The Nexus of Microwork and Impact Sourcing- Implications for Youth Employment

Lis Meyers, Branka Minic, Linda Raftree, and Tanya Hurst
Global Center for Youth Employment & Banyan Global
Publication Date: 
Mar, 2017
Youth unemployment remains a major development challenge around the world. Many developing economies simply cannot create enough jobs to absorb the new entrants into the labor market every year, especially when those individuals are low-educated youth. At the same time, in developed and emerging markets, technological advances are destroying more than 7 million entry- and mid-level jobs over the next 5 years, as predicted in a recent study by the World Economic Forum.
Young people living in marginalized areas often lack skills, credentials, and connections, and face significant constraints to secure even the existing formal employment opportunities. Meanwhile, internet access is spreading at an incredible rate and an increasing number of young people are using internet-enabled phones. According to the most recent World Development Report, which focused on digital technology and its potential for global development, the number of internet users has more than tripled since 2005, with an estimated 3.2 billion people using the internet in 2015.
While business process outsourcing (BPO) is an established practice, in recent years companies have sought ways to capitalize on the increasing global digital connectivity in a further effort to reduce costs, manage and process ever-increasing amounts of data,
and retain quality business outcomes. Online, or virtual, outsourcing has emerged as a business practice of contracting a third-party provider (often in a distant country) to supply products or services that are delivered and paid via internet. Those virtually
contracted suppliers can be individuals (“e-lancing”), online communities (“crowdsourcing”), or firms.
Microwork is a segment of online outsourcing where projects or complex tasks are broken into simple tasks that can be completed in seconds or minutes. Workers require numeracy and understanding of internet and computer technology, and advanced literacy, and are usually paid small amounts of money for each completed task. Therefore, online outsourcing could contribute to addressing the challenge of unemployment even for low-educated youth in developing economies, by increasing
their access to the global marketplace and creating income generating opportunities for
young workers over the internet
Impact sourcing, also known as socially responsible outsourcing, is a business practice in which companies outsource to suppliers that employ people at the base of the pyramid. It is believed that utilizing microwork within an impact sourcing strategy has the potential to create additional jobs for disadvantaged youth and disconnected, vulnerable populations and to provide them with income opportunities they need to support themselves and their families. It is hypothesized that if microwork is utilized as a tool to reduce youth unemployment it will have a butterfly effect and empower marginalized people to better feed, clothe, educate, and care for themselves and their families. While proponents of microwork believe it can equip workers with skills and experience that can enable them to increase their individual employability regardless of gender, age, socio-economic status, previous levels of employment, or physical ability, it is not always intentionally aimed at vulnerable populations. Only when buyers adopt impact sourcing as their business strategy does microwork directly benefit the most disadvantaged.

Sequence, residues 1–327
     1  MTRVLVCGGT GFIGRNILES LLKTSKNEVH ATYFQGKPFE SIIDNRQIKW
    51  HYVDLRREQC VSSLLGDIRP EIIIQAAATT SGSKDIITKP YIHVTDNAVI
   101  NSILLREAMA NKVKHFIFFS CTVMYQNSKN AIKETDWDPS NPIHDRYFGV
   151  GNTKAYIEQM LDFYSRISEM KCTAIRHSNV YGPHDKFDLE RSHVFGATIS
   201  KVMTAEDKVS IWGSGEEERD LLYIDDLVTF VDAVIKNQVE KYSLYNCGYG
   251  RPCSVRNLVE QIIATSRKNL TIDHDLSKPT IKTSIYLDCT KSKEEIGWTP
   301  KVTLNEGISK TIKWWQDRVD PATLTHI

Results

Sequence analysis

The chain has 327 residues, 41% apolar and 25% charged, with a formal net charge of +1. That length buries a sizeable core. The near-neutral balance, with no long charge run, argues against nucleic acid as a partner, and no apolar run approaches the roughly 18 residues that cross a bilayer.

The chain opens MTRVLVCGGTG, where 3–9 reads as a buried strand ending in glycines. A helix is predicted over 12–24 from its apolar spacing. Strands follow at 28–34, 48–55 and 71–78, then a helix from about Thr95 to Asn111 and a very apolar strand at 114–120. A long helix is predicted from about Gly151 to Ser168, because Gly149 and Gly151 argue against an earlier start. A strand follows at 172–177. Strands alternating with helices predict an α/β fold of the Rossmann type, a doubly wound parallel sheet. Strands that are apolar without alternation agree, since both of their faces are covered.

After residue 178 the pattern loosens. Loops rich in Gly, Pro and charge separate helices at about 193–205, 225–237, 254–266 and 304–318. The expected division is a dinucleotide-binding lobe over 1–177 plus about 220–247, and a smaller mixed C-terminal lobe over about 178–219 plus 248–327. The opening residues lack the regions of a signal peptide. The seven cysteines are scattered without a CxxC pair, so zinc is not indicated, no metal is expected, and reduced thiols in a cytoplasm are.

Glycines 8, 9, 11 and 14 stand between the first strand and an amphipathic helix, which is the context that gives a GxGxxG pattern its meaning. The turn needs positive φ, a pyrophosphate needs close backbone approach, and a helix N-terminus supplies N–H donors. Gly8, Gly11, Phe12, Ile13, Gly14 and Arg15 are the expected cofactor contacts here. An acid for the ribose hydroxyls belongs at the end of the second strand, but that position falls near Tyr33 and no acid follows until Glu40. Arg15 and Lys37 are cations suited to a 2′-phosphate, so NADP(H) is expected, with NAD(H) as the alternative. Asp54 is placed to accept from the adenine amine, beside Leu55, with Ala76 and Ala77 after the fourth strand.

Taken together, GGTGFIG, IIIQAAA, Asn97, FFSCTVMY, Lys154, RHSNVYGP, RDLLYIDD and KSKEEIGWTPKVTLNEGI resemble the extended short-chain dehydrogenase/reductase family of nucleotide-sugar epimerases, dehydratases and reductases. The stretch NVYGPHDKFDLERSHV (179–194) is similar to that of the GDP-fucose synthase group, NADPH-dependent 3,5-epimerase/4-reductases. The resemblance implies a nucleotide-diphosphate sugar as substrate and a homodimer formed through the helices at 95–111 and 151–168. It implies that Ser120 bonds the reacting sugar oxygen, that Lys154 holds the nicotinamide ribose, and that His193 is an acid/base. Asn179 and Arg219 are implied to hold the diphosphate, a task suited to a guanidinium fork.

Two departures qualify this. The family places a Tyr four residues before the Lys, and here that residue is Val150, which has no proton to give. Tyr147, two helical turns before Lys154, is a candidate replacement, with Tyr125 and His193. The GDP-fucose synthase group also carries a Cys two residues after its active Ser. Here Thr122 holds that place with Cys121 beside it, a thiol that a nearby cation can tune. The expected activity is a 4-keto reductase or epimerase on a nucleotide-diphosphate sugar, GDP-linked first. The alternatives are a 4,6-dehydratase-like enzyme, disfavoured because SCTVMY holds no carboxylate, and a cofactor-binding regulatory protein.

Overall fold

This study specifically focuses on the opportunities, challenges, and promising practices of microwork, within an impact sourcing business strategy. The cases where microwork and impact sourcing intersect, and the resulting potential for social impact, have not yet
been rigorously evaluated for long-term effects, particularly on the growing problem of youth unemployment. This study has explored the nexus of microwork and impact sourcing in order to further our understanding of the potential for leveraging a combination of these approaches in efforts to safely and equitably reduce youth unemployment. 
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